Address Uncertainty To Solve Crisis

The fundamental reasons behind the Euro-Zone sovereign debt crisis are well known. But, as with many crises, the common theme is uncertainty. Too many question marks remain about what action the ECB and Euro-Zone leaders will do to fix the situation in both the short- and long-term.

When uncertainty rises to a dominant level, agents in the economy begin to fear worst-case scenarios. Figure 1 gives a rough indication of the sudden increase in worst-case scenario fears with deflation, or Japanese-style deflation, being a scenario many people feared.

Figure 1: Shows the number of times “deflation” appeared in Google News stories.

In 2008, policymakers unveiled a raft of actions to address the illiquidity in the interbank markets and the solvency of banks. These actions helped to reduce the uncertainty in the markets, as policymakers acted to insure the banking system from collapse.

With food and energy prices remaining high, deflation is not currently feared but a Euro collapse is, see Figure 2.

Figure 2:  Shows the number of times “euro collapse” appeared in Google News stories.

Fears of a Euro collapse have escalated in the last year and this is a worst case scenario. Investors effectively decide to maximize a set of of minimum (or worst case) outcomes (Gilboa and Schmeidler (1989)), i.e. making the most out of a bad situation, and in reality this can be seen by the flight-to-quality moves over the last four years into US and German government bonds, strengthening of the Swiss Franc and Japanese Yen as well as the rising gold price.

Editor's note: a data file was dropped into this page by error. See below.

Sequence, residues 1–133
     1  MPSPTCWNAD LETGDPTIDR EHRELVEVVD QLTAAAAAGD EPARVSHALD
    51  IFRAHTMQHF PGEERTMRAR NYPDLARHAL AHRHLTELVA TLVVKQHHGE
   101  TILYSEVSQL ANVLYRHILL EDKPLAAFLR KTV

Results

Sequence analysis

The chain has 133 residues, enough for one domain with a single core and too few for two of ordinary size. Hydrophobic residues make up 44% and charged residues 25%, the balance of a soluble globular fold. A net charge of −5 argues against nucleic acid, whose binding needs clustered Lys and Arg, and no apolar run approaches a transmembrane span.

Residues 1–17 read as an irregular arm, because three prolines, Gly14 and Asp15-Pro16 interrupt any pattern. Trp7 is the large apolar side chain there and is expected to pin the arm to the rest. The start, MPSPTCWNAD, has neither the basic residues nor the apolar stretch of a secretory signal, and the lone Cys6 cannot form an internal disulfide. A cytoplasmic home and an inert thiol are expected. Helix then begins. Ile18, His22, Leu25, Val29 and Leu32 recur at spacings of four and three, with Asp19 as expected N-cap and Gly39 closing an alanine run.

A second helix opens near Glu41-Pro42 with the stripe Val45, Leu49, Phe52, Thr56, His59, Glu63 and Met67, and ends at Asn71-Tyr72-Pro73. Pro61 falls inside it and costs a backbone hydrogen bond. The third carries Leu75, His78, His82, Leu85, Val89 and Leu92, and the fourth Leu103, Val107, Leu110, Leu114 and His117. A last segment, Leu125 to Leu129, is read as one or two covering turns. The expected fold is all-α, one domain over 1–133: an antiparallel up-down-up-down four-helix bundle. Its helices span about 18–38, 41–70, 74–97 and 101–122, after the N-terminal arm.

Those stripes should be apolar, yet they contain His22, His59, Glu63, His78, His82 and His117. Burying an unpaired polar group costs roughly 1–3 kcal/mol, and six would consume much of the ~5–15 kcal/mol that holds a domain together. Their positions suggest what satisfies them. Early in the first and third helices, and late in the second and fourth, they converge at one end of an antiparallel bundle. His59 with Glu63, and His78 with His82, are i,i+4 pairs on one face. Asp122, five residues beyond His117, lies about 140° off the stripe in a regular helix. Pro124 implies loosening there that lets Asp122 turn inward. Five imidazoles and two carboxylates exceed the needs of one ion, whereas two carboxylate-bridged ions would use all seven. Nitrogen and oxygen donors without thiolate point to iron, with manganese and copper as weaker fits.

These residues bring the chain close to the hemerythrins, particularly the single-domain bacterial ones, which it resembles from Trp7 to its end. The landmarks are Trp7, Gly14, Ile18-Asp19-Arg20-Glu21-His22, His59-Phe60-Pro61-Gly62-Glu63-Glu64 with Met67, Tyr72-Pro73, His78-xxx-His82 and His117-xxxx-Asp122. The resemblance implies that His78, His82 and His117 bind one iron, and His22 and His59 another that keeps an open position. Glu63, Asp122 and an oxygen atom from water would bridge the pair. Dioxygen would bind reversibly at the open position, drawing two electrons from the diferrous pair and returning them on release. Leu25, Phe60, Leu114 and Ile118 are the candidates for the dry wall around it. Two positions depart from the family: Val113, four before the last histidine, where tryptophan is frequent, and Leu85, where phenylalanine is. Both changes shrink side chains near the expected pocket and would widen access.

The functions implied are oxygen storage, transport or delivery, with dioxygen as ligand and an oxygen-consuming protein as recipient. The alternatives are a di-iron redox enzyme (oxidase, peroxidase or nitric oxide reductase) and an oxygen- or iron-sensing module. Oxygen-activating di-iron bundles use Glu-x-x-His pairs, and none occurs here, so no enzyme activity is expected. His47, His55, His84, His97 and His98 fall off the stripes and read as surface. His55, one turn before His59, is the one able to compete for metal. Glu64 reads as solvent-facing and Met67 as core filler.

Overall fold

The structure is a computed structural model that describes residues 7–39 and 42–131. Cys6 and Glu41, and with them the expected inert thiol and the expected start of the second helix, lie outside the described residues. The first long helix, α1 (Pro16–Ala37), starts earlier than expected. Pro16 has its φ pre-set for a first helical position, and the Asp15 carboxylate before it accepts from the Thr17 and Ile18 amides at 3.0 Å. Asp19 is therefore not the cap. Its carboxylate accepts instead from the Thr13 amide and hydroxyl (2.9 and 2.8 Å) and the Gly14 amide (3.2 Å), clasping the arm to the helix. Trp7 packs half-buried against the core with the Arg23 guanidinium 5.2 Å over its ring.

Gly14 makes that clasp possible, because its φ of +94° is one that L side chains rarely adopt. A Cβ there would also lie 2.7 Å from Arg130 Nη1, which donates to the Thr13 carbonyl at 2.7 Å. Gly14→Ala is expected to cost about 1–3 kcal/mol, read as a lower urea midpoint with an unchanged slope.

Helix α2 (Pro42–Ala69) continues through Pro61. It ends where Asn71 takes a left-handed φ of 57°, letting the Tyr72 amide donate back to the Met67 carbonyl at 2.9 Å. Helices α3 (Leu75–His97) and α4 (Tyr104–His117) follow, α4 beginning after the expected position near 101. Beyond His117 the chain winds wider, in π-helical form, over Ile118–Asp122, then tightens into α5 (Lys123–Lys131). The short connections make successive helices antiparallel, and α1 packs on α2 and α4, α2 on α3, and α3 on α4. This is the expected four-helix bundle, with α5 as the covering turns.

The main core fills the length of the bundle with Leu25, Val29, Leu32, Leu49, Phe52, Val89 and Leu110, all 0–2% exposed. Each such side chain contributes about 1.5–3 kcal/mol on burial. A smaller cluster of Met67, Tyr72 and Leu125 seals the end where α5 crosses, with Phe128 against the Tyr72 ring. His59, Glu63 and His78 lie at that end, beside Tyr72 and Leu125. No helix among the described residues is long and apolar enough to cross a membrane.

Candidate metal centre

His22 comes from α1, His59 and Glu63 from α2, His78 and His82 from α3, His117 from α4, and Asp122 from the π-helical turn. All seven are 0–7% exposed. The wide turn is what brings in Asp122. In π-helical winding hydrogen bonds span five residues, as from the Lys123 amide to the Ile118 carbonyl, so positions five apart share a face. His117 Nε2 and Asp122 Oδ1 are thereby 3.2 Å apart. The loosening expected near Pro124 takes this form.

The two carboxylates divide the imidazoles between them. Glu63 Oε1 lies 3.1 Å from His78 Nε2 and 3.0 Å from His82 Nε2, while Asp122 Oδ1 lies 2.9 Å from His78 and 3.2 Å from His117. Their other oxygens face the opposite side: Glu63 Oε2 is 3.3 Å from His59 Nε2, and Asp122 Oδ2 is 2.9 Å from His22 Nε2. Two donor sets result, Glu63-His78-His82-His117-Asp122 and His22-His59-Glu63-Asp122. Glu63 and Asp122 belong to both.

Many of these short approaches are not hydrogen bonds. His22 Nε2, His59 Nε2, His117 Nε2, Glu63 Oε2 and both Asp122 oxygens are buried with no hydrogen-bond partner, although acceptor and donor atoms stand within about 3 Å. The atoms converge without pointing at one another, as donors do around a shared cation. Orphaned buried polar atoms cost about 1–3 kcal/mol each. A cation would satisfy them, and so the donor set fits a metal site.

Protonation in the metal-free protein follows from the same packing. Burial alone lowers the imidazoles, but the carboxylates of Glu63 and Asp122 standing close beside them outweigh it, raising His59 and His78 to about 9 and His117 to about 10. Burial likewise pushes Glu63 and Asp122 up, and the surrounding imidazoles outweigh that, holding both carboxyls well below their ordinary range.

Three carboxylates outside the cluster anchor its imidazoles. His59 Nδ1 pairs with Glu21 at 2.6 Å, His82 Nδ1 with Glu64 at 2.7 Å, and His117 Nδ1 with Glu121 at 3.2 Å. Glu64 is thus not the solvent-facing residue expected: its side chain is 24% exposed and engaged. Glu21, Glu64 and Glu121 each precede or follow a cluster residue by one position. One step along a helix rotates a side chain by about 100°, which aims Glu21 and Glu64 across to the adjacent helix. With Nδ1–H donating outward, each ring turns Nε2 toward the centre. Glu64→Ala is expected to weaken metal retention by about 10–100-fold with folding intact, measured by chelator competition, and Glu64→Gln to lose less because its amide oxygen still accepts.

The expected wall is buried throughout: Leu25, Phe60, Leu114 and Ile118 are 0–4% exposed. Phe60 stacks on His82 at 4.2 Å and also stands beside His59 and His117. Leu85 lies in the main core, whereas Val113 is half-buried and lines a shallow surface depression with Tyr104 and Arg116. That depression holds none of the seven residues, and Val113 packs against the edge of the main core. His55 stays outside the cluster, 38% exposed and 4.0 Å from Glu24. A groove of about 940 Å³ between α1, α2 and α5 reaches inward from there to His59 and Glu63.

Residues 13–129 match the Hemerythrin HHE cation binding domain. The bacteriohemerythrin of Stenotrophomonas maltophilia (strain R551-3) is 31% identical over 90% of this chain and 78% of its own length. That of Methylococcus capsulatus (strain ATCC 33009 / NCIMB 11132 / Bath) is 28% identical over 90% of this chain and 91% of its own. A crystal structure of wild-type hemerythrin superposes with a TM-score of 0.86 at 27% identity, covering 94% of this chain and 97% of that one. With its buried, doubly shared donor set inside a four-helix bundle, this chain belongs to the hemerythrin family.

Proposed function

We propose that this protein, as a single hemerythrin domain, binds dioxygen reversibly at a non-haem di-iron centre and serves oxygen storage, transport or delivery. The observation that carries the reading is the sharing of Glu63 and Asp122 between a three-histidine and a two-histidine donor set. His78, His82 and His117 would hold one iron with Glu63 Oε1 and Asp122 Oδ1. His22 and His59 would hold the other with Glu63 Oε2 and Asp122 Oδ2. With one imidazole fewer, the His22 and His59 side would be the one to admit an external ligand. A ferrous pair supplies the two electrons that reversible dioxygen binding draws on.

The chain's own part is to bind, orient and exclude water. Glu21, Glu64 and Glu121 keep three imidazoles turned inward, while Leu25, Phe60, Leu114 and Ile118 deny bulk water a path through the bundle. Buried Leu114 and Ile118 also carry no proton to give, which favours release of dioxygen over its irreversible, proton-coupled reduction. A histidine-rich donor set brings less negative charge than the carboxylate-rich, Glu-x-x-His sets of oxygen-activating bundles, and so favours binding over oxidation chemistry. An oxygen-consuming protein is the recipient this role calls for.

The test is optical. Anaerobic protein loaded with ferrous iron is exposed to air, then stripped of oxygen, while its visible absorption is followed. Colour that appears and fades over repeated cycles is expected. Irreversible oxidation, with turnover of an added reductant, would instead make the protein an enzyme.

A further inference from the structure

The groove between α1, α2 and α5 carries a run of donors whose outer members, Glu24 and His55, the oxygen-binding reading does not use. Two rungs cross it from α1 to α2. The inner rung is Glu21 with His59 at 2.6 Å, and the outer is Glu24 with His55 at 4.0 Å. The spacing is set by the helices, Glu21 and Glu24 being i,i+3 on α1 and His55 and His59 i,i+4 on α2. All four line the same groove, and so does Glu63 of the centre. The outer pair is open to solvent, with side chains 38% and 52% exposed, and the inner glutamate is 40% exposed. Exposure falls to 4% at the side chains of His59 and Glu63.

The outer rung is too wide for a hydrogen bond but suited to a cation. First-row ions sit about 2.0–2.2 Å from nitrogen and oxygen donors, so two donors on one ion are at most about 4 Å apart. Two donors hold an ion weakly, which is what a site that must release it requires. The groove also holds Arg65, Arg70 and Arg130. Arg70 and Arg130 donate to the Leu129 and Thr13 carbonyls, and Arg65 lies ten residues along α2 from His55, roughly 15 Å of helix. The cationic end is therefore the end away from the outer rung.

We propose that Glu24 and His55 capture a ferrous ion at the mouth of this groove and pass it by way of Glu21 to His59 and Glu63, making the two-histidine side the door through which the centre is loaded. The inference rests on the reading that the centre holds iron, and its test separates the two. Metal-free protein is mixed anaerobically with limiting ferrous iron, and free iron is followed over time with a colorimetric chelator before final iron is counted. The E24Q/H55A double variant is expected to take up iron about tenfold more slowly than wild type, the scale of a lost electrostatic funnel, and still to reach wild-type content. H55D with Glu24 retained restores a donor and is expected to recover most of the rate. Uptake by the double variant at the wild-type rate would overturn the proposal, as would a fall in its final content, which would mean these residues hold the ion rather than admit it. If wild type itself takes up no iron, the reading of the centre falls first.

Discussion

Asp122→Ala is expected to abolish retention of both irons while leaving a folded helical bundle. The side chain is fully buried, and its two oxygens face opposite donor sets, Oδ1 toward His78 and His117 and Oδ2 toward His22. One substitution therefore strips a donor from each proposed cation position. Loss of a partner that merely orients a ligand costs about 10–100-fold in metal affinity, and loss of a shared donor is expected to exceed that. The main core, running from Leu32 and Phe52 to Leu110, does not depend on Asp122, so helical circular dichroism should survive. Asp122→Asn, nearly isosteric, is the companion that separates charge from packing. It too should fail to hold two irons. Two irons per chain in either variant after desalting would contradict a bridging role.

So, that’s what’s been happening but how does a policymaker address it?

Caballero (2010) describes how a financial crisis is like a heart attack. When a heart attack hits, medics use a defibrillator to send a sudden electric shock through the body to kick start the heart. But the longer the delay before the shock is administered, the harder it is to restart the heart. Applying this to the financial crisis basically means that a financial markets needed to be administered with a policy shock large enough and credible enough to improve confidence in political and economic leaders i.e. implementing policies that market participants believe in. The longer the shock is delayed, the harder it is to win the confidence of the markets and the bigger the shock is needed.

The broad description of the policy measure is government insurance. In this crisis, it means that market participants are insured from a Greek default or the collapse of a bank etc. In this respect it is similar to the classic bank run model Diamond and Dybvig (1983). By introducing this type of insurance, investors will return to these markets and the insurance may never have to be paid out.

If Greece is allowed to partially default on its debts, the banks exposed to Greece will have to be supported by governments to ensure their survival, therefore, this course of action would still be inline with the provision of insurance.

This, of course, is a simplistic summary and many other measures should be introduced to address the moral hazard issue of bailouts but the important point is to act to stop the continuing economic deterioration caused by the uncertainty Euro-Zone debt crisis.


Caballero, R., J. (2010). Sudden Financial Arrest. IMF Economic Review, July 20, 2010.

Diamond, D., W, Dybvig, P., H. (1983). Bank Runs, Deposit Insurance and Liquidity. The Journal of Political Economy. Vol. 91, No. 3, pp. 401-419.

Gilboa, I., Schmeidler, D. (1989) Maxmin Expected Utility with Non-Unique Prior. Journal of Mathematical Economics. Vol. 18, pp. 141-153.

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